Merkel “has great respect for Christian Wulff as a person and for Christian Wulff as president,” her spokesman Steffen Seibert said Friday, arguing that Wulff was addressing his scandal adequately. “She has great respect for the office he holds.”
Wulff, 52, publicly crossed swords with Germany's most powerful newspaper on Thursday, a day after he went on national television to address criticism that he had tried to prevent a story about his private 2008 loan from being published.
Wulff, who claimed in the television interview - watched by 11.5 million - people that he had just sought to delay its publication by a day, later refused to authorize the release of a telephone message he had left for the newspaper's chief editor, saying it was a private matter for which he had apologised.
Opposition lawmakers from the Social Democrats (SPD) have waded in, calling for Merkel to put more direct pressure on Wulff.
"If Mrs Merkel is interested in putting an end to this sanctimonious spectacle, she should convince Christian Wulff to agree to the publication," SPD chief whip Thomas Oppermann said. "Only publication of the voicemail (message) can prove whether he lied or not."
And the president, whose role is ceremonial but carries moral authority, was further challenged Friday when a bank reportedly contradicted his account of when he took out a loan.
Merkel faced further bad news as she gears up for a diplomatic flurry of eurozone crisis talks next week, hosting French President Nicholas Sarkozy on Monday and Italian Prime Minister Mario Monti on Wednesday.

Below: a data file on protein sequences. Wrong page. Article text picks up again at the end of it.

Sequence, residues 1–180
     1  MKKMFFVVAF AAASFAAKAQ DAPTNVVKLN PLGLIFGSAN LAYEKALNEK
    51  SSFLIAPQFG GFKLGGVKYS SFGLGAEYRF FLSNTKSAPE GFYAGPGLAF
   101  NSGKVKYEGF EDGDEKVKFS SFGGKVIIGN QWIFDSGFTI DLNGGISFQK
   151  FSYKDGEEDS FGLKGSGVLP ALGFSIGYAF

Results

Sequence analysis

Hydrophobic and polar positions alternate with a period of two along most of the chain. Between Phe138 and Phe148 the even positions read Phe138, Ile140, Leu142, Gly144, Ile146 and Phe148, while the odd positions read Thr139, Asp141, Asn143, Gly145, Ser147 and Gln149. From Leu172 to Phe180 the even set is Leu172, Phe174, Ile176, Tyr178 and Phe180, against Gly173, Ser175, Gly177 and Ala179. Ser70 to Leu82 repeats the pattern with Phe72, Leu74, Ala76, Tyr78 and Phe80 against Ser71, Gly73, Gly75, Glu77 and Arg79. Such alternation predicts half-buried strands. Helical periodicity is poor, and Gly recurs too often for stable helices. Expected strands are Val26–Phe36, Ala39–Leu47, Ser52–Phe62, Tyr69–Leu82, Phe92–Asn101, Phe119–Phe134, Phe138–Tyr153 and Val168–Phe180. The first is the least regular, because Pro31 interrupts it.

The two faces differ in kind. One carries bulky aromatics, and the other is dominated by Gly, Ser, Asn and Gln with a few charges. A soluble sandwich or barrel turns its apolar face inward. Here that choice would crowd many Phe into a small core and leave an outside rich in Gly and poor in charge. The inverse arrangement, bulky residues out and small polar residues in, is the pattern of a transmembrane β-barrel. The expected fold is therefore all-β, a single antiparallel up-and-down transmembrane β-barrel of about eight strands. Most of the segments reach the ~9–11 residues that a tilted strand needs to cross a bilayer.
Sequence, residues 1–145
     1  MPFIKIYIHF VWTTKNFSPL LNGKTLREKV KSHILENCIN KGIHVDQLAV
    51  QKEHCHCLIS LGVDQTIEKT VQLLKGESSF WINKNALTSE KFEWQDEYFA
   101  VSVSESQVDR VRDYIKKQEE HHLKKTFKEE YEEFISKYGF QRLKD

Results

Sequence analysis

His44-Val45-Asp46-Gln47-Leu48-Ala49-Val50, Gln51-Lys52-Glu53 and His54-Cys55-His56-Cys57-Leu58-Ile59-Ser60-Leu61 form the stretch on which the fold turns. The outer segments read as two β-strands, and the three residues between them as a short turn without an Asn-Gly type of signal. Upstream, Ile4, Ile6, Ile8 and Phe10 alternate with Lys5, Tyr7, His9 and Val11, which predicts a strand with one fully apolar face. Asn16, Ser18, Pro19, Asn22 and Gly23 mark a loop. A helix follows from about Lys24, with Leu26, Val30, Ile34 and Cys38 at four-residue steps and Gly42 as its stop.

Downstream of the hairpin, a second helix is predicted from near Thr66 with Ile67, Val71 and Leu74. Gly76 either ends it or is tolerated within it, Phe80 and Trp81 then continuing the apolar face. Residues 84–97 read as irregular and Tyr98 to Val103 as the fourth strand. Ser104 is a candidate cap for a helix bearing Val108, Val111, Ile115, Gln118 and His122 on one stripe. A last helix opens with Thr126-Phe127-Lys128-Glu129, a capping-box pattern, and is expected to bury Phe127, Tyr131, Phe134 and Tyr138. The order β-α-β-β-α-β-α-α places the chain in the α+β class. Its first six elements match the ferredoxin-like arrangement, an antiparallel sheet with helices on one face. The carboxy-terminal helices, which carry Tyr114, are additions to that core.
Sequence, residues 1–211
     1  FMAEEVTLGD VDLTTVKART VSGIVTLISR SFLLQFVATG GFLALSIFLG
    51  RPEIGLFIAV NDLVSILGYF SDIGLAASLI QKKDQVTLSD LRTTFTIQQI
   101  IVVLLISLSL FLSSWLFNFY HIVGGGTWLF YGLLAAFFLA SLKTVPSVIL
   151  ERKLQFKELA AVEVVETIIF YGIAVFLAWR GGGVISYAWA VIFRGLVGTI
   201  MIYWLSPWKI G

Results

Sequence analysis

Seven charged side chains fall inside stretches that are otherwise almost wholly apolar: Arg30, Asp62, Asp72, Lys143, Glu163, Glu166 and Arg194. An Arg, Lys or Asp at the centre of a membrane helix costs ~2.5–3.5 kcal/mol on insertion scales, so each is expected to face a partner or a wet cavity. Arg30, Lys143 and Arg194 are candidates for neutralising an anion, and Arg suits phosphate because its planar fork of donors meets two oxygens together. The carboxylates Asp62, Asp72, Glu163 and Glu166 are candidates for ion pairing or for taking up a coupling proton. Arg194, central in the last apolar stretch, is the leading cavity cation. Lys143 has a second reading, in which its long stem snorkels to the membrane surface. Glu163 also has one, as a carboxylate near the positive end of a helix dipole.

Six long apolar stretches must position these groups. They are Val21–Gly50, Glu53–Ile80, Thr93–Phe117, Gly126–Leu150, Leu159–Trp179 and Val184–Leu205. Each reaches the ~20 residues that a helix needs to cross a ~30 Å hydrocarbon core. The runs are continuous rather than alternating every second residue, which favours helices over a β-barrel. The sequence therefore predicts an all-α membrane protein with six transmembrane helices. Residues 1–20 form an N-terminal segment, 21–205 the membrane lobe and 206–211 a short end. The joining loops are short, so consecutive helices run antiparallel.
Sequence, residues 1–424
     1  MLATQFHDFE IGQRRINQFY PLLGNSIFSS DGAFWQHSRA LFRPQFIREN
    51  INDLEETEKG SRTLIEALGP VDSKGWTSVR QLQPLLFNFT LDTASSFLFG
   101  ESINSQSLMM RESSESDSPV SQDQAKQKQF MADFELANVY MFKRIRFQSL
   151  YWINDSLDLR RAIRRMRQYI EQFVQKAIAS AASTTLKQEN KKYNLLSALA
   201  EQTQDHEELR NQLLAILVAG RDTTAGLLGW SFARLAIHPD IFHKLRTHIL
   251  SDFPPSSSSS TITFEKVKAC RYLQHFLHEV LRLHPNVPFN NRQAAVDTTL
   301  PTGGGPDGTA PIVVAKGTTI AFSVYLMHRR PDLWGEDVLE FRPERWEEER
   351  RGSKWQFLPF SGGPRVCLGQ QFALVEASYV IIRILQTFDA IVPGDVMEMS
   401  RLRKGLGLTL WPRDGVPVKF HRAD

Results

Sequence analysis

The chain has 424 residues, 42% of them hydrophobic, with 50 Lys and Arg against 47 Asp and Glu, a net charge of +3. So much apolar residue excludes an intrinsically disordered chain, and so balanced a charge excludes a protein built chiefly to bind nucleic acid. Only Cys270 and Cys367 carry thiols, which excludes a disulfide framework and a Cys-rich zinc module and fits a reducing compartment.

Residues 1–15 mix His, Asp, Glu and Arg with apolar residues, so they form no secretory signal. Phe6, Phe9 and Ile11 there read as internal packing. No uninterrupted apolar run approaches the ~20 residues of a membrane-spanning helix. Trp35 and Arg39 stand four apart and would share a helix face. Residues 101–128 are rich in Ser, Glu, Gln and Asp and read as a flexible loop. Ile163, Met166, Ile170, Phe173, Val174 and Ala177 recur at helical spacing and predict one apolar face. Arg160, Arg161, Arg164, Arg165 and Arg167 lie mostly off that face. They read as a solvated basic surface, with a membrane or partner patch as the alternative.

An opinion poll Thursday by ARD-DeutschlandTrend revealed that support for the junior partner in her coalition, the Free Democratic Party, had slumped to just two percent – well below the five percent needed to enter parliament.
Another poll published Thursday by the ARD television network showed that 60 percent of those questioned favoured giving Wulff a second chance, although 61 percent also said they had not been convinced by his television appearance.
Wulff landed in hot water last month when Bild reported that he had concealed a home loan at an advantageous interest rate he accepted from the wife of a tycoon friend while premier of Lower Saxony state.
Wulff kept quiet when opposition state deputies asked him whether he had business ties to the tycoon or any firms connected with him.
During the TV interview, Wulff apologised and admitted that he should have come clean about the loan earlier but insisted he will stay on in the job.